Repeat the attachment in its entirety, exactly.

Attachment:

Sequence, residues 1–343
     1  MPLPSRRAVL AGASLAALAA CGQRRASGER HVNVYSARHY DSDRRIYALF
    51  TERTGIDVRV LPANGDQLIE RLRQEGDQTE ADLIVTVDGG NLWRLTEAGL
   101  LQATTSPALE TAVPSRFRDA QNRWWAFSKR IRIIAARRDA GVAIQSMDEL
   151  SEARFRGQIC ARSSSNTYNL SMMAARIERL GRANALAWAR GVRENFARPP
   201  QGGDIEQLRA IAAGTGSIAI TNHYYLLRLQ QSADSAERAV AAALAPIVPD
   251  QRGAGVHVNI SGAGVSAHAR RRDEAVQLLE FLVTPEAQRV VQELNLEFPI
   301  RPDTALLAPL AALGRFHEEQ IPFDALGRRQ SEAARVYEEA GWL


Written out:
Sequence, residues 1–343
     1  MPLPSRRAVL AGASLAALAA CGQRRASGER HVNVYSARHY DSDRRIYALF
    51  TERTGIDVRV LPANGDQLIE RLRQEGDQTE ADLIVTVDGG NLWRLTEAGL
   101  LQATTSPALE TAVPSRFRDA QNRWWAFSKR IRIIAARRDA GVAIQSMDEL
   151  SEARFRGQIC ARSSSNTYNL SMMAARIERL GRANALAWAR GVRENFARPP
   201  QGGDIEQLRA IAAGTGSIAI TNHYYLLRLQ QSADSAERAV AAALAPIVPD
   251  QRGAGVHVNI SGAGVSAHAR RRDEAVQLLE FLVTPEAQRV VQELNLEFPI
   301  RPDTALLAPL AALGRFHEEQ IPFDALGRRQ SEAARVYEEA GWL